Arlo Guthrie celebrates 50th anniversary of “Alice’s Restaurant”

GREENSBURG, Pa. – Folk singer Arlo Guthrie is in the midst of an extensive tour across America, commemorating the 50th anniversary of the actual events that led to his classic recording of “Alice’s Restaurant.When one thinks of seminal anti-war songs from the 1960s, this enduring anthem remains an influential American original. It was Thanksgiving Day 1965, in Stockbridge, Mass., that Arlo Guthrie was cited for littering and subsequently appeared in court and paid a fine. Not long after that incident, at the height of the Vietnam War, Guthrie was turned down by the draft board in New York City because of his criminal record of “littering.”

Thus was born “Alice’s Restaurant Massacree,” an 18-minute musical monologue that appeared on his 1967 debut album. In Guthrie’s words, he questions why he is not “moral enough to join the Army – burn women, kids, houses, and villages…after being a litterbug.” At the end of the song, he asks everyone to join in and start a movement of peace.

The Guthrie family is immersed in musical talent and folk traditions. Joining her father on stage for select tour dates is talented performer Sarah Lee Guthrie. The singer/songwriter/guitarist has an endearing stage presence, and opens with a selection of classics by the likes of Tim Hardin and Donovan, plus original material. Sarah Lee Guthrie has put new music to lyrics and words written by her grandfather (and Arlo Guthrie’s father), the legendary Woody Guthrie. One fine example of this is a children’s song titled “Go Waggaloo,”in which she encourages the audience to sing along.

The 50th Anniversary Tour is a special event for all fans. Due to its length, Arlo Guthrie only performs “Alice’s Restaurant”in concerts at ten-year intervals. This time around a video screen enhances the performances with scenes from the 1969 movie of the same name. The film recreated the true events that inspired the song. Arlo Guthrie shares some of the backstory on stage. The original arresting officer, William Obanhein (Officer Obie) and Judge James E. Hannon, who presided over the littering case, played themselves on screen. Guthrie explains how he eventually maintained a friendship with Obanhein although they disagreed on many social issues. He tells his audience the world is in need of more people who attempt to get along despite differences of opinions.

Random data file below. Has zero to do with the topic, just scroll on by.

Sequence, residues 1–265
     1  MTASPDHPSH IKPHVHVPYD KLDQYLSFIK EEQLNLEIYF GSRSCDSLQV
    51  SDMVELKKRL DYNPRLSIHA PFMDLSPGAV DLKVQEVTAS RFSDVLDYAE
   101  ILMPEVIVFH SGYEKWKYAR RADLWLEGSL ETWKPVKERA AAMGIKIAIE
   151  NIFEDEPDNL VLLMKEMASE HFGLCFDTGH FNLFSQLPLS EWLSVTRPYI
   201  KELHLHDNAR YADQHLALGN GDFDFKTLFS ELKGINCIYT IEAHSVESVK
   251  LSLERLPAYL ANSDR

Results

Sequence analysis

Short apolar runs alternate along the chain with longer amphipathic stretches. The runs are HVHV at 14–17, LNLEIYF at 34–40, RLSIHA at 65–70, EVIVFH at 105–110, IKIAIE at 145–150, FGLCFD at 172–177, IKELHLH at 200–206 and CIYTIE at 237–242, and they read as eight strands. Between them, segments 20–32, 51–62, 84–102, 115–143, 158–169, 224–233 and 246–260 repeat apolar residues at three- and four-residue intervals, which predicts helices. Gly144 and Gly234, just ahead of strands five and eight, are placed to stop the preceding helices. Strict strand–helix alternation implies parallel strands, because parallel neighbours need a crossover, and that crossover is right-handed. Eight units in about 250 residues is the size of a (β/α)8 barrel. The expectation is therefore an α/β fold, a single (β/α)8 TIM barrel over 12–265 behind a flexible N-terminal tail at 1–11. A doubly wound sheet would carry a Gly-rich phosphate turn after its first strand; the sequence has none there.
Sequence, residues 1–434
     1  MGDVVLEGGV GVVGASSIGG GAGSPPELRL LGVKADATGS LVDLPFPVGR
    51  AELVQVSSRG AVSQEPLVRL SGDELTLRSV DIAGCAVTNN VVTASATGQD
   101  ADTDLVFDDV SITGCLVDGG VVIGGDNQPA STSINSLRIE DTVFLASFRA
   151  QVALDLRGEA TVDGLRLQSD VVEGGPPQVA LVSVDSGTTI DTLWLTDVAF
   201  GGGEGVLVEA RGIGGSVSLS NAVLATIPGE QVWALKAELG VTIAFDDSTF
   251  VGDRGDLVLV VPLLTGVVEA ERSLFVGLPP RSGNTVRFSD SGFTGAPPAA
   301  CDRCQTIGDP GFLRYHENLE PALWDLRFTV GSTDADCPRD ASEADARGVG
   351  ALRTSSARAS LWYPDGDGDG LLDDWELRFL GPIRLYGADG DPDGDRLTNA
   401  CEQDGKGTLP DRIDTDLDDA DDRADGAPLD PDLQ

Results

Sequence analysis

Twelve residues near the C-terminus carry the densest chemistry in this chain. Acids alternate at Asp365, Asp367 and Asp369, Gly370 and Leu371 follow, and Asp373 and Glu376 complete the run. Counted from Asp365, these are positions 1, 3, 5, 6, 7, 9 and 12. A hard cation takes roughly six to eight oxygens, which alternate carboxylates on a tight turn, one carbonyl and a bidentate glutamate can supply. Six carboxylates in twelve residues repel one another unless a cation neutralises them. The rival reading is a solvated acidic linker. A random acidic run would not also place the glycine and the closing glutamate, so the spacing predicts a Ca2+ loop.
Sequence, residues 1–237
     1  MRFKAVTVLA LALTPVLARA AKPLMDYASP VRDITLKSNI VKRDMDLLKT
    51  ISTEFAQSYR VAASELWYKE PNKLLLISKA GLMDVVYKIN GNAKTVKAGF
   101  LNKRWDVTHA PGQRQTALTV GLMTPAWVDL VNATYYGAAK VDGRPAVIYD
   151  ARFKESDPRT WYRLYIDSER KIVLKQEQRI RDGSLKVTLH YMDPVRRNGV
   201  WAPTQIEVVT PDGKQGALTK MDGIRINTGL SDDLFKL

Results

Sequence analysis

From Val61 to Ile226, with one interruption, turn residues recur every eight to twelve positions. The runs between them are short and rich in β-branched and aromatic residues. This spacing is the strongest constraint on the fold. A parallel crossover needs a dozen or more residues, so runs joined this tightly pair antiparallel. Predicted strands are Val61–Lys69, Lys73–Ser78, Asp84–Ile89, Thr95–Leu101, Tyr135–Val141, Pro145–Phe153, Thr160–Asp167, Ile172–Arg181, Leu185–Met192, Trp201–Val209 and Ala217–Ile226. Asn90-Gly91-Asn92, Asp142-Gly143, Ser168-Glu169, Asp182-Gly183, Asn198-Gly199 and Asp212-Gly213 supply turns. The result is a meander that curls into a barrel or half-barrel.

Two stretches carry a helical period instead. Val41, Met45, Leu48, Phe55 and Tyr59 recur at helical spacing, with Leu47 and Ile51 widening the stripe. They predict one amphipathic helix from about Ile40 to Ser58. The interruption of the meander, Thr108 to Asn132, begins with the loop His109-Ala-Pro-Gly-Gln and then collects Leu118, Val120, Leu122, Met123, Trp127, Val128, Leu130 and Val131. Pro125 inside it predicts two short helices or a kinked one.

Folk music has a faithful following, and all age groups could be seen in this southwestern Pennsylvania audience. Small children joined their parents to experience this great traditional and cultural art form. The theme of these shows is definitely one of family and togetherness. Audience members feel as if they are an integral part of the gathering. Arlo Guthrie’s performances are a musical history of folk music in America. His stories of Pete Seeger, Ramblin’ Jack Elliott, Lead Belly, and Cisco Houston create a memorable evening. Arlo Guthrie’s son, Abe Guthrie, is also featured on stage at the keyboards.

Many familiar Arlo Guthrie tunes are featured in this show including “Coming into Los Angeles,” which he performed at Woodstock in 1969. He shares interesting behind-the-scenes tales of that concert and reflects on the fact that Woodstock is also nearing the 50-year mark. “City of New Orleans,” a nostalgic look at train travel, was originally written by Steve Goodman but made popular by Arlo Guthrie. A fan favorite is the classic “The Motorcycle Song (The Significance of the Pickle).”Arlo Guthrie also sings a powerful version of Woody Guthrie’s “I’ve Got to Know.” This anti-war, anti-capitalist anthem still rings true today.

In a very touching moment, Guthrie reflected on his wife of 43 years, Jackie Guthrie, who passed away October 14, 2012 of liver cancer. He recalls how he was staying with Ramblin’ Jack Elliott in Malibu back in the late 1960s and the two went to a nearby rodeo. It was there he met his future wife, and it was the beginning of a life-long love.

The encore song at the 50th Anniversary Concerts is a rendering of “My Peace.”These words of Woody Guthrie are performed by everyone on stage. With lyrics on screen, the entire audience becomes one as everyone sings along. Arlo Guthrie’s father is definitely there in spirit. The legendary folk singer was a man of the common people, standing up and singing in protest when he saw injustice. Woody Guthrie sang against war and poverty while offering strong support for labor unions and their rights. In between folk singing he also penned articles in a column titled “Woody Sez” for The Daily Worker and the People’s World.

The 50th Anniversary Tour (dates listed here) continues from coast to coast well into 2016. It’s a celebration of songs, storytelling, camaraderie, folk history, and America itself.


CONTRIBUTOR

Anthony Mangos
Anthony Mangos

Anthony Mangos proudly serves with the United States Postal Service and is a lifelong union member. As a freelance writer he contributes regularly to various film and literary publications. His passions include supporting and revitalizing the inner cities and downtowns, animal rights, traveling, and experiencing different cultures. He resides in Johnstown, Pa., but considers the world as his neighborhood.

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